Man of Steel.
Man of Tomorrow.
Last Son of Krypton.
How does one start talking about their favorite superhero? They could discuss their powers, maybe even their favorite storylines and secret origins, too. However, when it comes to Superman, it only seems right to begin with where he began. The Man of Tomorrow’s legacy.
Up, Up & Away
Ever since his creation in 1938 by Jerry Siegel and Joe Shuster, Superman has been a beacon of hope and an advocate for truth, justice, and understanding. He was used as propaganda to inspire the American troops of WWII and was even depicted punching Hitler in the face.
Every time our world has shown hate and selfishness of human nature, Superman has stood for something better. In the 2006 Superman Returns, a disgruntled Lois Lane writes a heavily critical article entitled ‘Why The World Doesn’t Need Superman.’ An angry response to his ‘abandonment’ of his adoptive home in search of his real one.
Well, Miss Lane, this article will have a slightly different flavor.
Superman: ‘An Alien Immigrant’
Superman, or Kal-El, is the last survivor of the doomed planet Krypton. His parents, Jor-El and Lara placed him into a lifeboat and sent him off across the stars in search of a new home, as his old one exploded. Seemingly lucky for us, he landed in Smallville, Kansas where a loving farmer and his wife adopted him. Nonetheless, you may be aware of this already. Whether it be through an avid fandom or social osmosis, everyone knows the story of Superman.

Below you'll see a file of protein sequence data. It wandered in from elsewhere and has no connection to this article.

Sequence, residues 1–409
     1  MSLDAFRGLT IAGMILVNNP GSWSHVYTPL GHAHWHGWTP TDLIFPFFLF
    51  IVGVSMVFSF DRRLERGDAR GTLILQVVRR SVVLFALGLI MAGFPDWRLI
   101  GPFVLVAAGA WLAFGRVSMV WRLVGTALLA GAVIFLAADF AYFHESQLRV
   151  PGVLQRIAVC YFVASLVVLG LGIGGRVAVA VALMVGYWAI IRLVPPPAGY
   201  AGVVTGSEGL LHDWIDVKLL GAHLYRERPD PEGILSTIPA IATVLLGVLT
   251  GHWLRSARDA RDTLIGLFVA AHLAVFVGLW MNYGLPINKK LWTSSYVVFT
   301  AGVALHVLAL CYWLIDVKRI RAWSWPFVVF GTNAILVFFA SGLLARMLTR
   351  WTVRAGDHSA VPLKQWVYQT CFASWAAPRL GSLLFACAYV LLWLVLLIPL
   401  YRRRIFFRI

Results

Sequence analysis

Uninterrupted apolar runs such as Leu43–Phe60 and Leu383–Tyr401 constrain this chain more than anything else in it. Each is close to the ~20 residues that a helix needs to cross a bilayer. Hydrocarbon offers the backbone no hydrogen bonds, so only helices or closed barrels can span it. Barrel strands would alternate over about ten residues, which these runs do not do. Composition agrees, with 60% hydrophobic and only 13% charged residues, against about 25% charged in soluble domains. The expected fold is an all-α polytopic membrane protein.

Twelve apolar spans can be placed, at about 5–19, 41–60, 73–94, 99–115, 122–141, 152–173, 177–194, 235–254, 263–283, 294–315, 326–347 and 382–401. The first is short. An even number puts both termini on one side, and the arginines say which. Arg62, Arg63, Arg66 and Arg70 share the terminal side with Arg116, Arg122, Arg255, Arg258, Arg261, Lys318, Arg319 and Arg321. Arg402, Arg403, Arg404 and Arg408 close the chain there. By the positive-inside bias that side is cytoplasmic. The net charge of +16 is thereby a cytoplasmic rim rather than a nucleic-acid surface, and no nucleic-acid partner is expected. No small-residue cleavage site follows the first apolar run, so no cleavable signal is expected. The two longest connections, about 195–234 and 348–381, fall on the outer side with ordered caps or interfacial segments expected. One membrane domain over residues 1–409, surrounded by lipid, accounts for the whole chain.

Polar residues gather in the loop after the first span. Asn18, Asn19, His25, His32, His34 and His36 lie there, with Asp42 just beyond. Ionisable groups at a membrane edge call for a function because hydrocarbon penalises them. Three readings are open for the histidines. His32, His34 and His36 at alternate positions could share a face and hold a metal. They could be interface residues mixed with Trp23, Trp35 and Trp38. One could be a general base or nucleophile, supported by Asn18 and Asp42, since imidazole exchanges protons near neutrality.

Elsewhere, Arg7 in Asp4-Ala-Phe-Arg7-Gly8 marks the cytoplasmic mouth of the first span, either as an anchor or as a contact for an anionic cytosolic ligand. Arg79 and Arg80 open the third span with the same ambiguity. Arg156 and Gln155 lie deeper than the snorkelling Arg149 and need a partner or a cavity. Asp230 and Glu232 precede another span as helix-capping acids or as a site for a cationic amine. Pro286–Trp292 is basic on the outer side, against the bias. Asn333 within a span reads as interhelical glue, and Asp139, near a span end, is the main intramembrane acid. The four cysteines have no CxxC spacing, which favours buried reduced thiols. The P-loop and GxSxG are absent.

But the reason why this idea of finding a new home is so important is that it makes Superman an immigrant. A lost soul from a place of destruction of death who finds peace and purpose in the loving arms of strangers. And, instead of conquering or seeking to subvert the American way of life, as certain figures of society would have you believe, he vows to protect it.
To fight, inspire, and sacrifice for people different from himself.
Smallville & Superman, The Early Years
Clark Kent grew up in a small Kansas town called Smallville, and whilst there, he learned what the best of humanity has to offer. The humility instilled in him by Jonathan and Martha Kent is one of the reasons the character of Superman remains so relatable. He is a human being after all.
This side of Clark Kent is explored in-depth in my favorite television show of all time, Smallville. Upon discovering his alien heritage, Clark uses his newfound abilities to protect his friends, family, and adoptive home from ‘meteor freaks.’ The ‘meteor freaks’ are people with kryptonite induced superpowers. He has to juggle learning to be a superhero with being a teenager, along with: falling in love, feeling like an outcast, and worrying about what he wants to do with his future.
This immediate sense of responsibility and guilt is what lies at the heart of Superman. People close to Clark die in the show; he fails and constantly doubts himself. But in overcoming those things, shows what a true hero is.
Lana: So what are you Clark? Man or Superman?
Clark: I haven’t figured it out yet.
Powers Of A God, Humility Of A Man
Superman is a God. He can fly, hear a pin drop from miles away, and wave bullets away like wasps. He has lifted continents, pushed planets, and shattered entire realities; but, he still has time to save kittens from trees.
To Kal-El, saving lives goes much deeper than stopping disasters and fighting super-villains. It is about inspiring people to better themselves, through the smallest acts of kindness. People may say that this makes him weak, but understanding the value of strength and when to use it is an important lesson for people to learn.